Barry, “but I know that this bat remembers me. It was clearly
evident when she came out of hibernation with all of her cro-
nies, who would all attack the mealworms with a quick snap.
Izzy, however, would gently pick the mealworm off the tweezers
and then gobble it down.”
She is the cutest bat I’ve ever seen, but then again, I’ve never
really seen the beauty in bats until now. I met my first bat after
being awakened by my screaming wife in the middle of the
night, right before I frantically tried to redirect it out our bed-
room window with a tennis racket.
Thanks to people like Barry and Mo, persistent petrified
attitudes toward bats are changing. Every interaction they have
with someone is a teachable moment about bats and disease.
It’s early June, and the little brown bat is recovering well.
Weight is up and the wing deterioration is healing. Other experts
Genzlinger knows are surprised. Barry and Mo are thrilled. No
one really cared about a dead bat before white-nose syndrome,
but now, with five of Vermont’s nine bat species either endangered or threatened, every bat seems to make a difference. The
little brown, once the most abundant bat in the U.S., has been
reduced to 20 percent of its original population. Little browns
typically have one pup per year, but one female could easily
have 10 in a lifetime. If half of those pups are females, and each
female has 10 pups, you can see how one rescued bat could
make a significant contribution to the local population.
Alyssa Bennett, a bat biologist with the Vermont Department
of Fish and Wildlife, first suggested that Genzlinger take a baby
big brown bat home and try to raise it. The Department had
been working with him for some time, using his bat houses for
state projects, so having someone who understood bats try their
hand at rehab seemed logical. That bat was successfully released
– the first of many.
“I thought it would be a good idea to practice rehabilitation
on big browns,” Genzlinger says. “Makes sense; they are abun-
dant. Make the mistakes on the bats that are plentiful.”
He isn’t making many mistakes. So far, Genzlinger has taken
in 82 bats and successfully released 53. Those that did not sur-
vive were either severely injured or too small, weighing less than
By late June, Izzy apparently had left for good. Barry and Mo
saw her chasing other bats. It was time. The little brown with
IRIS was released with lots of energy and healthy wings, hopeful
signs for other bat rehabbers.
Still, there were more arrivals. Six of the Genzlingers’ nine
new pups had fallen out of a local bat house that was overcrowded. In a house designed for 15 to 20 bats, half the house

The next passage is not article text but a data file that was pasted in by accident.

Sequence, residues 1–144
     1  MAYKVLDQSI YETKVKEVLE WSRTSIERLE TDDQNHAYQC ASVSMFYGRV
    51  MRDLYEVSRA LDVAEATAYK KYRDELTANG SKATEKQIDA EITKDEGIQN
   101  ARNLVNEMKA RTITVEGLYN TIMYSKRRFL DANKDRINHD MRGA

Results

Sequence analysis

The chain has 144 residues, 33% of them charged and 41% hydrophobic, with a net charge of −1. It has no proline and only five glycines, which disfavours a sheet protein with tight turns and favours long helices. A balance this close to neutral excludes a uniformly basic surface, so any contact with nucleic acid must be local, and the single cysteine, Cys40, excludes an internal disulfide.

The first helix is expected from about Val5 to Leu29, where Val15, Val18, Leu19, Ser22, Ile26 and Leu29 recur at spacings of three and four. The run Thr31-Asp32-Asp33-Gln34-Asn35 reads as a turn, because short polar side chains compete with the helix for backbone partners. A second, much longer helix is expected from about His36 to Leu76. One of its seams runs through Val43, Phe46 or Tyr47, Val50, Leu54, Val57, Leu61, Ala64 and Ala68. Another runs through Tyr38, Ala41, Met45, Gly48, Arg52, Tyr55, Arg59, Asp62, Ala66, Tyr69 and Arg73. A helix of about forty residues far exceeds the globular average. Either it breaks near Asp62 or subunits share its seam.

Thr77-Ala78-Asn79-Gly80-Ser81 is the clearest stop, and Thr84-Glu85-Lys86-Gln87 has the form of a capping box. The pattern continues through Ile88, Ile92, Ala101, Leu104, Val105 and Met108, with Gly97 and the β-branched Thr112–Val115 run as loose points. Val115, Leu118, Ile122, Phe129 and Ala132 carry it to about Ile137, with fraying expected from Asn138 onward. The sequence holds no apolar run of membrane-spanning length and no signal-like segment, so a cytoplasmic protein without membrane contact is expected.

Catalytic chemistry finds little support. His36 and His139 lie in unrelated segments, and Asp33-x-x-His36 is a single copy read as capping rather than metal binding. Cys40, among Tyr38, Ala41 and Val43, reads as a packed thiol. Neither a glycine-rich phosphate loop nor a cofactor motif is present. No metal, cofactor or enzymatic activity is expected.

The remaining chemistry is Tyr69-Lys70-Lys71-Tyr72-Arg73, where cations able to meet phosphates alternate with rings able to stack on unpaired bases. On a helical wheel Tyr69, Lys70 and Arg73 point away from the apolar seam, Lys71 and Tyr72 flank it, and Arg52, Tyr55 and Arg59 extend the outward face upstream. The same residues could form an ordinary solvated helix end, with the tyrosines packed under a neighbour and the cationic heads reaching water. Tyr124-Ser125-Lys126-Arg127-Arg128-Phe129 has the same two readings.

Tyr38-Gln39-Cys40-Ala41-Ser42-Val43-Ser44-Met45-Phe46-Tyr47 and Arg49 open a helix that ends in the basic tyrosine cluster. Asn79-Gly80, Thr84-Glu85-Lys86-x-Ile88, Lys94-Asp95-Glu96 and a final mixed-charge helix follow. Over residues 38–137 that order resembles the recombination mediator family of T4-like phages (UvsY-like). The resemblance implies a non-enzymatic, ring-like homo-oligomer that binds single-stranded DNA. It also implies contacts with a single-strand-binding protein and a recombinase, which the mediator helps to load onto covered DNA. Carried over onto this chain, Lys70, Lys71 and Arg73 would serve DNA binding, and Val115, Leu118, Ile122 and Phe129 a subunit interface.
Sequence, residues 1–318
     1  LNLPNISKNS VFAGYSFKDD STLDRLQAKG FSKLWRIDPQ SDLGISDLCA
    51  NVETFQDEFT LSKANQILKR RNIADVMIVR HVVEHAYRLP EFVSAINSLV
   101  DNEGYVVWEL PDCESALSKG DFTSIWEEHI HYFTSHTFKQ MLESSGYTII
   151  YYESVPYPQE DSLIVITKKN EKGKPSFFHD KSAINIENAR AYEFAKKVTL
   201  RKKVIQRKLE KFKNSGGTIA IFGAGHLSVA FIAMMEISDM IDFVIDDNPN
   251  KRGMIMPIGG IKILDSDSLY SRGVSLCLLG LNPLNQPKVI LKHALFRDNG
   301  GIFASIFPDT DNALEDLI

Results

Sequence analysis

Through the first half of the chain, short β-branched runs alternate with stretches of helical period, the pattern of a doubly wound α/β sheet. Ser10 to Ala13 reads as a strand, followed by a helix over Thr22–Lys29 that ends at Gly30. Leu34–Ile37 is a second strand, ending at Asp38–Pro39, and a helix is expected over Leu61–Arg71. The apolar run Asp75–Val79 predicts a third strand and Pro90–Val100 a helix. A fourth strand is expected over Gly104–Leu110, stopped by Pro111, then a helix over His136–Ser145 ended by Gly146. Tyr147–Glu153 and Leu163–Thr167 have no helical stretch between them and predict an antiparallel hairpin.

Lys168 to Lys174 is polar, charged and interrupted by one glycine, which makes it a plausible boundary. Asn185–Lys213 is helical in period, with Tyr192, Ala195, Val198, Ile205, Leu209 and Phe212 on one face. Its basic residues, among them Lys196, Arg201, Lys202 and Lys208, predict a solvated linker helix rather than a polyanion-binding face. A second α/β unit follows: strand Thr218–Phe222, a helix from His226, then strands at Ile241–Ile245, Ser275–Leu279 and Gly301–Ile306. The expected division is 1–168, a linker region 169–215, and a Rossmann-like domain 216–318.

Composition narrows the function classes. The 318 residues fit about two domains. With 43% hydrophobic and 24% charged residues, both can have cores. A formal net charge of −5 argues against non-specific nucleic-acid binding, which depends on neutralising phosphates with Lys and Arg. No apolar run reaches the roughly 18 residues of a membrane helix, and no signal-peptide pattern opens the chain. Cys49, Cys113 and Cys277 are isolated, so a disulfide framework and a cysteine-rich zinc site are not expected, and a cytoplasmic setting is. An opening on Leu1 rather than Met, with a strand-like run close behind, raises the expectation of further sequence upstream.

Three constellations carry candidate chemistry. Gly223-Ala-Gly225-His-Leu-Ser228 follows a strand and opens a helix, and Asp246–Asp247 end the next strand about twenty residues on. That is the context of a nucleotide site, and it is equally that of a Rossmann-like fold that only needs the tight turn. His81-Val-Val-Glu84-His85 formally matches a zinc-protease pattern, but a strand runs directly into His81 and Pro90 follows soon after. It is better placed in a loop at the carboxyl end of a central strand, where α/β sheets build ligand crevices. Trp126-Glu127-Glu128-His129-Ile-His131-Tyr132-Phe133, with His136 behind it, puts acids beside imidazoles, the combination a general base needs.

was filled with paper wasp’s nests and the other half held 20
adult females with pups.
As rehabilitators licensed by the State of Vermont Department
of Fish and Wildlife and Agency of Natural Resources, Barry
and Mo are qualified to do more than just feed and handle
bats. They are bat doctors and, with help from veterinarians,
can perform just about any procedure on a bat that could be
performed on a human. So far, a necropsy to diagnose a dead
bat’s bladder infection has been Genzlinger’s most complicated
Libraries are filled with books on how to care for human
maladies, but for bat rehabilitators, there is only one: Captive
Care and Medical Reference for the Rehabilitation of Insectivorous
Bats, by Amanda Lollar and Barbara Schmidt-French. You
name it, this book has it: how to anesthetize, treat shock, and do
a general diagnosis; or treat bite wounds, pesticide poisoning,
urinary tract infections, or diarrhea. There are procedures for
treating fractures, blunt force trauma, pneumonia, and even for
conducting amputations, though in most cases, euthanizing is
the humane thing to do if a bat is not releasable. While this book
is the bible for bat rehabilitation, the Genzlingers are adding to
this body of knowledge daily.
They didn’t say so, but I’m guessing Barry and Mo can
imagine a day when they will have interns – not only to help
feed and care for the bats, but to do some rescues as well. In
October 2015, the Genzlingers formed the Vermont Bat Center,
a 501(c)( 3), and can now accept tax-deductible donations to
support their rehab and educational work. They can be reached
As of March 3, 2016, the Genzlingers have 16 bats in their
facility. “The big news,” said Barry, “is that four of those are
endangered little browns and three are critically endangered
northern long-eared bats – all found clinging to the rocks out-
side their hibernation cave. They most certainly would have
died if they had not been found by Vermont Fish and Wildlife
Mark Paul teaches biology and environmental science at Essex High School and lives
in Starksboro, Vermont.